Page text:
Black Hat in August calls for Creative Thinking Cap in July

Tiffany Darmetko

13498954443_ae61ebd0d5_z

Image by Tim Shields under C license.

If you’re an IT security executive or IT security PR pro, your company may or may not be planning to have a presence at Black Hat 2015 next week. Perhaps one of your researchers has been invited to speak there. As is the case each year, we can anticipate news of hacking demonstrations coming out of the conference sessions that will make us say “Yikes!”

Already, we’re seeing 2015 Black Hat presentation previews that impress and intimidate. Here, the Wall Street Journal’s Danny Yadron talks about hackers hijacking a Jeep from a remote laptop in a preview to a planned Black Hat demonstration. If you’re thinking about making an announcement at (or around) the event, it’s important to note that this is the type and caliber of news you’re up against for reporters’ attention.

By now, you’ve made an informed decision about whether or not a Black Hat investment of any kind is worth it for your organization, especially if you’ve had to make long-lead arrangements like submitting a speaking proposal or spending marketing dollars to reserve exhibitor space.

For this post, let’s approach the conference purely from a media relations standpoint. You still have enough of a runway now to work on collecting the assets necessary to capitalize on Black Hat for company visibility purposes. I’ll share Five W’s of Black Hat PR. You grab your creative thinking cap.

1. Who: Your target media. They’ll be there.

  • Black Hat has a strong media presence. This is the second year the conference has published a formal list of media registrants, and you can bank on the fact that a good number of important influencers will show up to the Mandalay Bay Convention Center.
  • BlackHat is a UBM Tech sponsored event, so editorial folks will attend from UBM-owned publications like Dark Reading and InformationWeek.
  • As for reporters and bloggers who don’t make the trip to Vegas, they’ll still keep an eye on Black Hat-related news. From a quick phone interview, they can get the facts and churn out their coverage without needing to be in physical attendance.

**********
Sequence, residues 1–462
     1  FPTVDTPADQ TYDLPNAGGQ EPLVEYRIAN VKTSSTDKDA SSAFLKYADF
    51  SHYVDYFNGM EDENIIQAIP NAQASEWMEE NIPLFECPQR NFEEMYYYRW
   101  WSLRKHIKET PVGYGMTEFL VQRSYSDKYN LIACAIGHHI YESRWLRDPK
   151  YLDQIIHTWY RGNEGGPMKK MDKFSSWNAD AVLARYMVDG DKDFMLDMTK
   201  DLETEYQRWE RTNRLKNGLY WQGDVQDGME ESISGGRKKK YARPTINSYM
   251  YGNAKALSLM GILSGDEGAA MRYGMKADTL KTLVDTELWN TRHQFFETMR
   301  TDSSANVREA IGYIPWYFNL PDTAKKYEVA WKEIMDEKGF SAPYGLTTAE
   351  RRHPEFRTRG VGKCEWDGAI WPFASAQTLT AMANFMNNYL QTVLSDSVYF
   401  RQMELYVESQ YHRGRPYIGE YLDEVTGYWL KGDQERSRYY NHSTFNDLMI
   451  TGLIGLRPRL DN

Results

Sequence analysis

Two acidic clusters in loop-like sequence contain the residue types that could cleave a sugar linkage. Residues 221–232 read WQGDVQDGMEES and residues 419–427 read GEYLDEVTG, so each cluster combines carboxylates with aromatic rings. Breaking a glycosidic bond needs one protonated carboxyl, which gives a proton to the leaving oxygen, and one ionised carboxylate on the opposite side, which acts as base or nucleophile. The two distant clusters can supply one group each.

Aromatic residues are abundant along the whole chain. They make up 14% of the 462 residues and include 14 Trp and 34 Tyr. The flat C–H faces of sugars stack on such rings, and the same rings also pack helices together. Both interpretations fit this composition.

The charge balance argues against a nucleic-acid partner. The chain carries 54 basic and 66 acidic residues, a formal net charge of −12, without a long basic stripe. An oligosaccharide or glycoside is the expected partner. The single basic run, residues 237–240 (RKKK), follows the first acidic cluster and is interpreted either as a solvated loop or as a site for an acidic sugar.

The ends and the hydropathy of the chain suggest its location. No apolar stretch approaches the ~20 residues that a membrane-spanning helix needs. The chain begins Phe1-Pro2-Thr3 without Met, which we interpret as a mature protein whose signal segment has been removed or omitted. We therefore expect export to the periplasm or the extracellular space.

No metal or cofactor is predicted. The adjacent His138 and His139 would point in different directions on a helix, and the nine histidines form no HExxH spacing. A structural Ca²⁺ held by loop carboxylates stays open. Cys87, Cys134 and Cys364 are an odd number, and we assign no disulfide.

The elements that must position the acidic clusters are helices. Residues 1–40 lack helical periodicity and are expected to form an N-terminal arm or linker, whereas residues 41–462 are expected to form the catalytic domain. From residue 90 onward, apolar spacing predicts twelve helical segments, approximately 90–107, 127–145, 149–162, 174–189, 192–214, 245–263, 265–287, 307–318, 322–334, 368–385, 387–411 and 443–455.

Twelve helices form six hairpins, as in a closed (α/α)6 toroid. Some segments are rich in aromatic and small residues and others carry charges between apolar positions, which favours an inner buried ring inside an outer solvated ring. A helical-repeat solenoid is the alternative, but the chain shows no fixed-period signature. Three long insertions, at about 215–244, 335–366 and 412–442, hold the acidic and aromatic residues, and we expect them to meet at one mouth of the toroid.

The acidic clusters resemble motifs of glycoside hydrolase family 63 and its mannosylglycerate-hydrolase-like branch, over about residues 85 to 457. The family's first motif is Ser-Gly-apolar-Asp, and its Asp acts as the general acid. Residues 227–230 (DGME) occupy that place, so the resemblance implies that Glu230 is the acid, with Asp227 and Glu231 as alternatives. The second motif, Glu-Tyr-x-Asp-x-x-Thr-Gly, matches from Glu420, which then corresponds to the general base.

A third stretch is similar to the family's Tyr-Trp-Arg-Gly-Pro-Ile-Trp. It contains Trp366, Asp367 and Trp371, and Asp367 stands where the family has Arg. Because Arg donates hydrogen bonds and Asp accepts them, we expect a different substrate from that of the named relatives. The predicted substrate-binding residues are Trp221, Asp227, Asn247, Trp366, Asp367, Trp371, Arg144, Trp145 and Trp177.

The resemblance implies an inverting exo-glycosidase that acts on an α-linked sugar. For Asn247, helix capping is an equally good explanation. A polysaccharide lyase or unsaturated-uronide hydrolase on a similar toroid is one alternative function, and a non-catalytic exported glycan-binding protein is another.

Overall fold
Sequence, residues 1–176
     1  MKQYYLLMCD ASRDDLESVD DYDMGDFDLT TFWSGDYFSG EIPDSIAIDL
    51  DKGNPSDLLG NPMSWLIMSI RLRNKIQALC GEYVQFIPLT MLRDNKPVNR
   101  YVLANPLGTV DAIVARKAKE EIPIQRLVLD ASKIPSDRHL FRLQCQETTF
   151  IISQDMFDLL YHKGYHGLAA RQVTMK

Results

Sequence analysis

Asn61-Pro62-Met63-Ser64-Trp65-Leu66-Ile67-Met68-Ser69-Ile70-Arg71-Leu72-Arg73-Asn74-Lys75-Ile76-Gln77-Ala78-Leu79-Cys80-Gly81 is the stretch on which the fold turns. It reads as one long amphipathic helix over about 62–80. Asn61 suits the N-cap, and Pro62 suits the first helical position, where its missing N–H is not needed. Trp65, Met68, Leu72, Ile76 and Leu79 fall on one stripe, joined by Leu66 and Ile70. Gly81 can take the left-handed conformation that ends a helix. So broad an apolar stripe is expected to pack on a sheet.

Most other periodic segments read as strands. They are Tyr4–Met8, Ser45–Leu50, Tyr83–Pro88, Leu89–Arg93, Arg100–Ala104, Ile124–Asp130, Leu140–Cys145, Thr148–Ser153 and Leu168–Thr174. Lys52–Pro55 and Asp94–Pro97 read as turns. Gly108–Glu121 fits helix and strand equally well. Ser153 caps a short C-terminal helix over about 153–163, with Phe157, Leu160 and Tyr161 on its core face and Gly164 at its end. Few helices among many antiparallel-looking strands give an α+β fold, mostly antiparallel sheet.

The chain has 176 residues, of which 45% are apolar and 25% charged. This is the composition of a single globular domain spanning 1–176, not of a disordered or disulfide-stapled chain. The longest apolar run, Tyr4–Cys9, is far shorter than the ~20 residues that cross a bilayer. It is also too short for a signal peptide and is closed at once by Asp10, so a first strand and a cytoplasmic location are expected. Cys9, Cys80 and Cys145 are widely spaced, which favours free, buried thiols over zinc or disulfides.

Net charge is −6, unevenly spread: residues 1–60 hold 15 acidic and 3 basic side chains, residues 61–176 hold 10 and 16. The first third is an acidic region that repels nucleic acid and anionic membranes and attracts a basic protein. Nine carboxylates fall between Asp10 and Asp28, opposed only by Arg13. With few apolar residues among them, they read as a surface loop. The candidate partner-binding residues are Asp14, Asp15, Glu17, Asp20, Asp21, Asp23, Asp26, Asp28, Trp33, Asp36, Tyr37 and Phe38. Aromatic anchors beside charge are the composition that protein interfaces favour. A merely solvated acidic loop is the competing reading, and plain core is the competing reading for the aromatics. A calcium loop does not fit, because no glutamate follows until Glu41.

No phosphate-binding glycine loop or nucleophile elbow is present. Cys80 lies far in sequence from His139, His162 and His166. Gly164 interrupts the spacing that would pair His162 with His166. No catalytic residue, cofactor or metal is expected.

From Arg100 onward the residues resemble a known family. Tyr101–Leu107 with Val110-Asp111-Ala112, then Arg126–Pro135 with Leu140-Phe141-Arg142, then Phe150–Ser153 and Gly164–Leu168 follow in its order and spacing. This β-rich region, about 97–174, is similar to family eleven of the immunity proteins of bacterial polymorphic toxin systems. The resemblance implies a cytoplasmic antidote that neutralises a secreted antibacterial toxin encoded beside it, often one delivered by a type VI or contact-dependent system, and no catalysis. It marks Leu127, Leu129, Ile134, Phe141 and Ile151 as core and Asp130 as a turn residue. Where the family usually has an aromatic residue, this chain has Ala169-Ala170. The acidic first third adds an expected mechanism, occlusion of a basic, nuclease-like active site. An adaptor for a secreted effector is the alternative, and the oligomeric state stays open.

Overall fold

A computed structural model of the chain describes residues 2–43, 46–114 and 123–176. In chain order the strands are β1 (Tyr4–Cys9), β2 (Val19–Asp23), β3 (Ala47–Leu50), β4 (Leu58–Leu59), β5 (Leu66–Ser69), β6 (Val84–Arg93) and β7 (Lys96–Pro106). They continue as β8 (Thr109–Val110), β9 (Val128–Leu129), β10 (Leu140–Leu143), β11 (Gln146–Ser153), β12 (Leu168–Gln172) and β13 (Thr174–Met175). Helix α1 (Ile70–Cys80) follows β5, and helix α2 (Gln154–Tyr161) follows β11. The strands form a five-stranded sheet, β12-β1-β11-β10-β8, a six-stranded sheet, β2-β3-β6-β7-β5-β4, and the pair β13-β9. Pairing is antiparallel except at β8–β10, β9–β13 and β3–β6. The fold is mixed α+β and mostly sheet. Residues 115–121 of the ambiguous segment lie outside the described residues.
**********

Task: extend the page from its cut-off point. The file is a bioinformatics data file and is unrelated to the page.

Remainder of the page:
2. What: Interesting research. The media wants it.

  • Reporters are fans of research and statistics. Black Hat news coverage centers on threat research findings.
  • Determine what, if any, research is currently being done in-house at your company, is planned for the near future, or could possibly be started in time to announce the findings at the event.
  • Caution: Black Hat is not typically a forum for issuing product news or announcing company activity outside the realm of research. As far as reporters are concerned, things like product upgrades will fall on deaf ears at this event. If your primary goal is to attract media attention (and ultimately coverage) for a particular non-research related news announcement, save it for another time. 

3. Where: Meeting spots are scattered around the Mandalay Bay Convention Center. You don’t need an exhibitor booth.

  • In-person meetings for security vendors with the media occur in lower volume at Black Hat than at RSA Conference, but they do happen. You don’t need to have a booth as a pre-requisite for reporters to meet with you, especially if you can produce the research goods.
  • For speakers: Reporters will scan the conference agenda and choose sessions that interest them, but it doesn’t hurt to personally invite them to tune in to your company’s talk if their schedule permits. Mingling before and after the session gives you convenient face time with media.
  • In the absence of news, summon your top researcher or technical executive, put a hold on their calendar for the conference days, come up with a short list of compelling industry insights that could make for a worthwhile meet and greet, and offer reporters the chance to pick their brain at the show. They might take you up on the offer, at which point, you can ask your researcher/exec to book their travel (that is if they weren’t already planning on going). 

4. When: Time is of the essence. Sit down with your research team today.

  • Find out what your most interesting announcement options are for Black Hat. Chances are there is research that someone’s cooking up at your company, which could be extracted, analyzed and communicated with media in a compelling way. We know it’s a balancing act to satisfy press interests and business priorities, so the more time you have to figure it out, the better.
  • Map out your plan for when, where and how to effectively communicate your Black Hat-appropriate news.
  • Some reporters start early adding vendor meetings to their calendars and others want to talk by phone before boarding their plane to the event. Still others populate their Black Hat schedule closer to the start date or prefer to connect on-the-fly once they’re on site.

5. Why: Vegas in August is the place to be. It’s a dry heat.

  • Black Hat is fast approaching, so why not use it to your advantage if you can, in order to be associated with this high profile event as a quoted expert or at least to use it as a media bonding exercise.
  • Influential media, analysts and influencers that matter to your business will be conveniently gathered under one roof – and – engaging via social channels. Delivering them what they want, when and how they want it will help you build a rapport and increase the chances they’ll turn to you for insights in the future.
  • If you don’t grab the mindshare, you can be sure someone else will. Plan smart for Black Hat and show off your security research chops.

Good luck and drop us a line if you’d like some assistance.

CFT CTA

PAN Recommended Content:

influencer marketing

Subscribe to our newsletter